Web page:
Serious infections. XELJANZ can lower the ability of your immune system to fight infections. Some people have serious infections while taking XELJANZ, including tuberculosis (TB), and infections caused by bacteria, fungi, or viruses that can spread throughout the body. Some people have died from these infections. Your healthcare provider should test you for TB before starting XELJANZ, and monitor you closely for signs and symptoms of TB infection during treatment. You should not start taking XELJANZ if you have any kind of infection unless your healthcare provider tells you it is okay.

Before starting XELJANZ, tell your healthcare provider if you:

think you have an infection or have symptoms of an infection such as fever, sweating, or chills; muscle aches; cough; shortness of breath; blood in phlegm; weight loss; warm, red, or painful skin or sores on your body; diarrhea or stomach pain; burning when you urinate or urinating more often than normal; or feeling very tiredare being treated for an infectionget a lot of infections or have infections that keep coming backhave diabetes, HIV, or a weak immune system. People with these conditions have a higher chance for infections.have TB, or have been in close contact with someone with TBlive or have lived in, or have traveled to certain parts of the country (such as the Ohio and Mississippi River valleys and the Southwest) where there is an increased chance for getting certain kinds of fungal infections (histoplasmosis, coccidioidomycosis, or blastomycosis). These infections may happen or become more severe if you use XELJANZ. Ask your healthcare provider if you do not know if you have lived in an area where these infections are common.have or have had hepatitis B or C
After starting XELJANZ, call your healthcare provider right away if you have any symptoms of an infection. XELJANZ can make you more likely to get infections or make worse any infection that you have.

Cancer and immune system problems. XELJANZ may increase your risk of certain cancers by changing the way your immune system works. Lymphoma and other cancers can happen in patients taking XELJANZ. Tell your healthcare provider if you have ever had any type of cancer.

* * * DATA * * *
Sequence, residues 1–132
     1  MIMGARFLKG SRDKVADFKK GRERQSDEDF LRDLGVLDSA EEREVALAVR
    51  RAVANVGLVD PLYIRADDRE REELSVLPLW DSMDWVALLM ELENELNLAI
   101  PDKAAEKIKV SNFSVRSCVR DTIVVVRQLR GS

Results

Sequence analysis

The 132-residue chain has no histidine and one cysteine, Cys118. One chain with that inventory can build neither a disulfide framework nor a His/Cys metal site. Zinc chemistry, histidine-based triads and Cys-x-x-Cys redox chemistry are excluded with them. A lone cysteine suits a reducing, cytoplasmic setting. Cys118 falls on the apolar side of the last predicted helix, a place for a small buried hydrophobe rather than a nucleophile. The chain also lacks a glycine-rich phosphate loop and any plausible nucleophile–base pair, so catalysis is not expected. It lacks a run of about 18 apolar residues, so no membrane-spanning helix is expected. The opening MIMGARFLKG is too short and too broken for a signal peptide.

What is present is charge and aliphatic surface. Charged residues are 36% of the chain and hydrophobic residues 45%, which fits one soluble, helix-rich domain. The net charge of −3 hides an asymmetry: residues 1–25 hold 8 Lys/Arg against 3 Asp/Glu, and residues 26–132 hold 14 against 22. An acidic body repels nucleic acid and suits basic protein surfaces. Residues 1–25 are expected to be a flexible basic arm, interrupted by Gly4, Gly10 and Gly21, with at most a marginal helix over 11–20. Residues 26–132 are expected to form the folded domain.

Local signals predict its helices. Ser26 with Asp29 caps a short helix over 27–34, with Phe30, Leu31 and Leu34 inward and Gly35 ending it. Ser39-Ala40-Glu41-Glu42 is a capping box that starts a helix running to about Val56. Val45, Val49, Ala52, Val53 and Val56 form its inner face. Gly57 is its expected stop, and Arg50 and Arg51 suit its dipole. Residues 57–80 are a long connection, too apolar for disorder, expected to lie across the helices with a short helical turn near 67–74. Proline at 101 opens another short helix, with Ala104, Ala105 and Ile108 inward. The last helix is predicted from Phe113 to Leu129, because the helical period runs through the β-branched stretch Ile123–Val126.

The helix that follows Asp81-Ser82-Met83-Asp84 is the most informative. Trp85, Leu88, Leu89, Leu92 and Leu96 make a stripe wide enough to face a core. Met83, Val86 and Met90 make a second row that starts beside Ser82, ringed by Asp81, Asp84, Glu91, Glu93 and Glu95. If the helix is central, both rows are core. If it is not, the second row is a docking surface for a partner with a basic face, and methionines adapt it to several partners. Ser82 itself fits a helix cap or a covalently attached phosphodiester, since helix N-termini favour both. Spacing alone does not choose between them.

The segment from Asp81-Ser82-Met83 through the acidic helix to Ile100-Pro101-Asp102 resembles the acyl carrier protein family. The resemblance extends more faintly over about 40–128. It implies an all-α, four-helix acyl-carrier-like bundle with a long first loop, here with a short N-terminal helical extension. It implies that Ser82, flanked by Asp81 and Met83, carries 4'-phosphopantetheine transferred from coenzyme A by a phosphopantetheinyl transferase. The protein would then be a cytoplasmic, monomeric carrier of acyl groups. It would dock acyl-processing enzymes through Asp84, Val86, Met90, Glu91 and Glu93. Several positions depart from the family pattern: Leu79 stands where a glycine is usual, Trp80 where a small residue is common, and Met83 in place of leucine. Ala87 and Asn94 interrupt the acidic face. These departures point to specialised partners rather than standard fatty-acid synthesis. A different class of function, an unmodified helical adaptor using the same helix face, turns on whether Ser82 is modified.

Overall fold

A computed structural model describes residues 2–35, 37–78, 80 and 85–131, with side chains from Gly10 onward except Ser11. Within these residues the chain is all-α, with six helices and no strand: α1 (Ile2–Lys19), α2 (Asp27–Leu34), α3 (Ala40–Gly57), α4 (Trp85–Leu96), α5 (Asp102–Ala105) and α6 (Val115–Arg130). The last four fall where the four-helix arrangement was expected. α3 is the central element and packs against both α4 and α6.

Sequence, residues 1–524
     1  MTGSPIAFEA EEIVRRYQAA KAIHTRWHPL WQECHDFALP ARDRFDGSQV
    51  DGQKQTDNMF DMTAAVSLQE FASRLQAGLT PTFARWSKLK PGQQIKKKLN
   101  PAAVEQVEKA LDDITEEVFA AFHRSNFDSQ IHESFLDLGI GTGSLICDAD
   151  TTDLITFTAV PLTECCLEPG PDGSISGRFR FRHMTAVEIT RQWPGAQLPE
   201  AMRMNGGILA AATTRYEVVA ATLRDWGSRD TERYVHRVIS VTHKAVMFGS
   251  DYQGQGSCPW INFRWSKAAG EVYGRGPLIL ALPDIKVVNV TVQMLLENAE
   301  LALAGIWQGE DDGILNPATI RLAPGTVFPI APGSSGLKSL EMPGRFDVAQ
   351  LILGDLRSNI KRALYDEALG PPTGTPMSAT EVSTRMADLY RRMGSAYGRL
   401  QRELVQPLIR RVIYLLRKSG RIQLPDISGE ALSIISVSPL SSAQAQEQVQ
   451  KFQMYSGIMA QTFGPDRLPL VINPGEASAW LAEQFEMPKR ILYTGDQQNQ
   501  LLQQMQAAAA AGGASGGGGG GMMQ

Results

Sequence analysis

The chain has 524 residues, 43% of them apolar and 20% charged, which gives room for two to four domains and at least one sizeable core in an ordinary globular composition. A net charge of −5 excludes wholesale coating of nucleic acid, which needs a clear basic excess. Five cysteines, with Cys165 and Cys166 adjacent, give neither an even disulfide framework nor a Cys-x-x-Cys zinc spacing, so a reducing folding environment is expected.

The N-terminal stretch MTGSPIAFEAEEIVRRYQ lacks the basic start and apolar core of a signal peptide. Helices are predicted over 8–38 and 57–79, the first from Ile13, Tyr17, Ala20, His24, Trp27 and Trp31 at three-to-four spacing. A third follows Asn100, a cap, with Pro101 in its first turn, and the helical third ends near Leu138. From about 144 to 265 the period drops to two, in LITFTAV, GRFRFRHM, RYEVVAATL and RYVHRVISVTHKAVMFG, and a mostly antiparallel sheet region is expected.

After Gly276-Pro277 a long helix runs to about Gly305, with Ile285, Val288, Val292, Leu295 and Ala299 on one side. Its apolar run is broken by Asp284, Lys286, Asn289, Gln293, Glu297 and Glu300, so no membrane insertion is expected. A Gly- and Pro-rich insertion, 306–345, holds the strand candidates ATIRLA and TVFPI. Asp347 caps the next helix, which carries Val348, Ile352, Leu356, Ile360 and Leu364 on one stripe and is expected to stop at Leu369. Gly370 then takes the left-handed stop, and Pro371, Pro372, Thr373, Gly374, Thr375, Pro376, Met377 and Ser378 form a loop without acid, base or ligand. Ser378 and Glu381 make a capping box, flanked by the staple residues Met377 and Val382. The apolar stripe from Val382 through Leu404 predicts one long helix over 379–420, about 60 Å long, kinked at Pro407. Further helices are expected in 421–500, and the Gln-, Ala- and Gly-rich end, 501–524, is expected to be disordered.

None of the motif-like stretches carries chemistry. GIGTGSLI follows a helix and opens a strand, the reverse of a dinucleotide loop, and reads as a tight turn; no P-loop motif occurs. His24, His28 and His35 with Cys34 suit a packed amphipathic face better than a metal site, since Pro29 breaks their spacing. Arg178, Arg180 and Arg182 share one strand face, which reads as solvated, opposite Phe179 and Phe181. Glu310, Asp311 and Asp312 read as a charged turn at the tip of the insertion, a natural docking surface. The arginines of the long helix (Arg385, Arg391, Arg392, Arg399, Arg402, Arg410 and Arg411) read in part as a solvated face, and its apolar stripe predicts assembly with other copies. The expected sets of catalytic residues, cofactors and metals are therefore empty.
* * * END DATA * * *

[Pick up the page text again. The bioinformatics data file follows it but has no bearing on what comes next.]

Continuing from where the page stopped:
Some people who have taken XELJANZ with certain other medicines to prevent kidney transplant rejection have had a problem with certain white blood cells growing out of control (Epstein Barr Virus-associated post transplant lymphoproliferative disorder).

Tears (perforation) in the stomach or intestines. Some people taking XELJANZ get tears in their stomach or intestine. This happens most often in people who also take nonsteroidal anti-inflammatory drugs (NSAIDs), corticosteroids, or methotrexate. Tell your healthcare provider right away if you have fever and stomach-area pain that does not go away, and a change in your bowel habits.

Changes in certain lab test results. Your healthcare provider should do blood tests before you start receiving XELJANZ, and while you take XELJANZ to check for the following side effects:

changes in lymphocyte counts. Lymphocytes are white blood cells that help the body fight off infections.low neutrophil counts. Neutrophils are white blood cells that help the body fight off infections.low red blood cell count. This may mean that you have anemia, which may make you feel weak and tired.

Your healthcare provider should routinely check certain liver tests.

You should not receive XELJANZ if your lymphocyte count, neutrophil count, or red blood cell count is too low or your liver tests are too high. Your healthcare provider may stop your XELJANZ treatment for a period of time if needed because of changes in these blood test results.

Your healthcare provider should do blood tests to check your cholesterol levels 4-8 weeks after you start XELJANZ, and as needed after that.

For full prescribing information, including boxed warning and Medication Guide, please visit